freetown—On a dusty pitch, on the edge of one of the poorest countries in the world, a one-legged man is playing soccer. There is skill here. A trapped ball, a swift manoeuvre away from prying legs, a crisp pass onward. The ball skips away and he chases after it, fists clenching the crutches that give him flight. Soccer is usually a quiet sport; barely a whisper escapes players’ cleats as they sink into the earth below. Here, the metallic crutches make a clicking sound under the weight of bodies in motion. The referee hollers and the ball rolls off the field. Mohamed Sillah Kamara stops the chase and hobbles back to the centre of the field, laughing but still determined. This game is not over.
Kamara is surrounded on this beachside field along the Atlantic by other men—sons and brothers, husbands and fathers—who lost an arm or a leg in Sierra Leone’s eleven-year civil war, which started in 1991. They are part of the country’s Single Leg Amputee Sports Club (slasc), founded as the fighting was winding down with the help of Dee Malchow, a retired nurse from Seattle, Washington.
Standing pitch-side as the players jostle for the ball, “Mommy Dee,” as the players call her, marvels at how far the men have come. Her gaze traces the play and she has a sudden realization. “I can’t believe this,” she says. “This is the first time I have seen them play [in Sierra Leone].”
Malchow, a sixty-one-year-old grandmother, is an amputee herself, a victim of a water-skiing accident that damaged her right leg beyond repair when she was nineteen. This is her second trip to Freetown; she first visited Sierra Leone in 2001 to participate in a Southern Baptist mission to counsel local pastors who had been traumatized by the war. An amputee camp in the capital of Freetown was brimming then with men and women who had been wounded or lost limbs during the war. At its peak, more than 200 amputees lived in the camp, along with their families.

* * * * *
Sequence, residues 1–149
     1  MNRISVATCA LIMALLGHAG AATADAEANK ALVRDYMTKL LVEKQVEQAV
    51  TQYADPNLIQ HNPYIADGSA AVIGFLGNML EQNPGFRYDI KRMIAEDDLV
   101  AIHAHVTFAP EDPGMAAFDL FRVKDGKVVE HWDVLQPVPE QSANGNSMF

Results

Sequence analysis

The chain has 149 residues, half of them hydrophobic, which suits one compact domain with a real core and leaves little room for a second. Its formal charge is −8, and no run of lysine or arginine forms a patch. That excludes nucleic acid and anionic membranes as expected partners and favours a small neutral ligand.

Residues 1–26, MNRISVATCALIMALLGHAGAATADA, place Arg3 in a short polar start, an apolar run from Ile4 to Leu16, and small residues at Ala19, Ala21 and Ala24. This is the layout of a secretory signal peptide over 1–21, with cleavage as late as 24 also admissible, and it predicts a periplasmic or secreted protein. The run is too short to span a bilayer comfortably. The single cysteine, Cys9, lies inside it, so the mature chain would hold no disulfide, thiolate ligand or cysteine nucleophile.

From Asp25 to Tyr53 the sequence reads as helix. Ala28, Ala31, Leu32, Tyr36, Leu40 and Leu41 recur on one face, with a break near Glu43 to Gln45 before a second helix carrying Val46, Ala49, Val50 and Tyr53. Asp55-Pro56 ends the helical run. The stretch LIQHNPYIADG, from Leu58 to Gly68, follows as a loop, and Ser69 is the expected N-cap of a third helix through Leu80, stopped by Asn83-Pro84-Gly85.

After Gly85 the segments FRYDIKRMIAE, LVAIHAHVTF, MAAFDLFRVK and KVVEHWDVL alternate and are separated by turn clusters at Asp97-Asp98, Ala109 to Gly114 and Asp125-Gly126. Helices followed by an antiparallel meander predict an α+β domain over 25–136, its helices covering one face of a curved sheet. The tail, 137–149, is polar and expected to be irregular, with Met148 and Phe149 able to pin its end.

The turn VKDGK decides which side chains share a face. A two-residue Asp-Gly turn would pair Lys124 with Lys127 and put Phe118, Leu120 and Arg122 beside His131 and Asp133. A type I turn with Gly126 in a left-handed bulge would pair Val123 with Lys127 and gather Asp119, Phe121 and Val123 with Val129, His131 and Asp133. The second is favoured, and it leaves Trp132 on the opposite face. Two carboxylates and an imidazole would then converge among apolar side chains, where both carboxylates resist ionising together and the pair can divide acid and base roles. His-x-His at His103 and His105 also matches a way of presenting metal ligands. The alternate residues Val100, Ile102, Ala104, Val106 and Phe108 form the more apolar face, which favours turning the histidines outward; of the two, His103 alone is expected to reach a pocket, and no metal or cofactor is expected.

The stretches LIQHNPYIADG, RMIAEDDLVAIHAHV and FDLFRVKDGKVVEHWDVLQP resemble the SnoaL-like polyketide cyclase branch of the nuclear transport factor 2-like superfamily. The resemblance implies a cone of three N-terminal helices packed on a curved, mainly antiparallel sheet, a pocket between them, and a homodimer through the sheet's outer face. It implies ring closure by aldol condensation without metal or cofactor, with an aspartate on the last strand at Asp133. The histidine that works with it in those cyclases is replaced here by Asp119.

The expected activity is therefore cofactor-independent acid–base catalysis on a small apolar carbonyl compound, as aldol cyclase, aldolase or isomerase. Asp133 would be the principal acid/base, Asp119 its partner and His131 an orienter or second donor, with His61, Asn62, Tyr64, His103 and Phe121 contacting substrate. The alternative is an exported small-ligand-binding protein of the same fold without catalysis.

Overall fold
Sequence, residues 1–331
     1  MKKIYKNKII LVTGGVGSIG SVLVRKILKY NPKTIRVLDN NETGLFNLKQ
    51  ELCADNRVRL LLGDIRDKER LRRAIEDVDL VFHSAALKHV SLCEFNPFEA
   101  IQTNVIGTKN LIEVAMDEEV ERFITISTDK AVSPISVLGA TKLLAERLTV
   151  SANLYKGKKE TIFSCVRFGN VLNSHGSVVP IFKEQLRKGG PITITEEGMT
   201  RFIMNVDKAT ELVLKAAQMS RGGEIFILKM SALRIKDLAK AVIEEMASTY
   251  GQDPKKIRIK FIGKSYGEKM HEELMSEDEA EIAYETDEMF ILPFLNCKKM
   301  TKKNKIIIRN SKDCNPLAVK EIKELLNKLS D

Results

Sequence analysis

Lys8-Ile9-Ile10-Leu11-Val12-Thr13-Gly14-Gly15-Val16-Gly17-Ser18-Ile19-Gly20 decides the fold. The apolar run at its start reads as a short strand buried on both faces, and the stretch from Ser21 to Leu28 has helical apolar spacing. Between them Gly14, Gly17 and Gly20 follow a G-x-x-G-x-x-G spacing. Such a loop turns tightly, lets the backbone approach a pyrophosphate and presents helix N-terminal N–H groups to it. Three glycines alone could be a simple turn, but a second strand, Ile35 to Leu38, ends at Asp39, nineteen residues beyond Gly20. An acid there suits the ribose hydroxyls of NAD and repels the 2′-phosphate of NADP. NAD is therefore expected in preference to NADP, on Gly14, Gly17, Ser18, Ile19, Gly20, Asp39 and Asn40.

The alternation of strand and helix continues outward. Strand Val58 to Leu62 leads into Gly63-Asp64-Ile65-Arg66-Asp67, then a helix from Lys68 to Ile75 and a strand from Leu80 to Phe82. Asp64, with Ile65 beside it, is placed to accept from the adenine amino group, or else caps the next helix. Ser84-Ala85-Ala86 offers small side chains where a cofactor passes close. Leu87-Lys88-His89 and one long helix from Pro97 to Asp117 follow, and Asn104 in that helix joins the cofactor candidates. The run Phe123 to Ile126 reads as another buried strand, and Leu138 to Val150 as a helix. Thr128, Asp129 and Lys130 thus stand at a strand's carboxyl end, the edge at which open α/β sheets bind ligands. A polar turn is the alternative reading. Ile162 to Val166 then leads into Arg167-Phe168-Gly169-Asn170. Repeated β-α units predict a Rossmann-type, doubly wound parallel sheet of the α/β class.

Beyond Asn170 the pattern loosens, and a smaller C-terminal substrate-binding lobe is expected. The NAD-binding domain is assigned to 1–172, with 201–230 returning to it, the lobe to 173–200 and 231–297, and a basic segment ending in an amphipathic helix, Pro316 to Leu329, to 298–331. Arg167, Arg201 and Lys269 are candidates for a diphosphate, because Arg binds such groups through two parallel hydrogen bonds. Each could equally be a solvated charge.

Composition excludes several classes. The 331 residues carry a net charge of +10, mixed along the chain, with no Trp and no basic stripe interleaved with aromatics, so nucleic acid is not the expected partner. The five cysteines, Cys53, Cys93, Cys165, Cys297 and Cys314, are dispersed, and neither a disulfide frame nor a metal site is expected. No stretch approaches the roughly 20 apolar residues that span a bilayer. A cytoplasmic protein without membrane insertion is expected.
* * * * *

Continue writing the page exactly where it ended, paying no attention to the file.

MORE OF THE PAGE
Malchow, who used to play for the United States amputee soccer club, suggested forming a team to strengthen the amputees’ bodies and keep their minds off heavier things. The idea took hold, and now eighty-two amputees play on three teams across the country—two in Freetown and one in the city of Makeni.
The teams play matches in the morning, before the scorching sun reaches its peak. Afterward, players spend hours debating their performances. “Football has become a way of engaging the mind,” says Mambud Samai, a Freetown pastor who coordinates the slasc. “It’s created a fellowship among men.”
Before Kamara joined Freetown’s inaugural soccer team, the twenty-seven-year-old had a promising future as a tailor in the village of Komrabai Njlar, fifty kilometres northeast of the capital. He was a popular young man with a Cheshire-cat grin. But everything changed one May evening in 1998. The sun was setting, he remembers, when suddenly and without warning Komrabai Njlar was attacked by rebels. They fired indiscriminately as villagers raced into the bush, crying out to alert others. Kamara dropped the garment he was working on in his tailor shop and joined the frantic scramble for safer ground. As he ran, a bullet torpedoed through his left leg, just under his kneecap, and emerged on the other side to hit his right leg, damaging it slightly.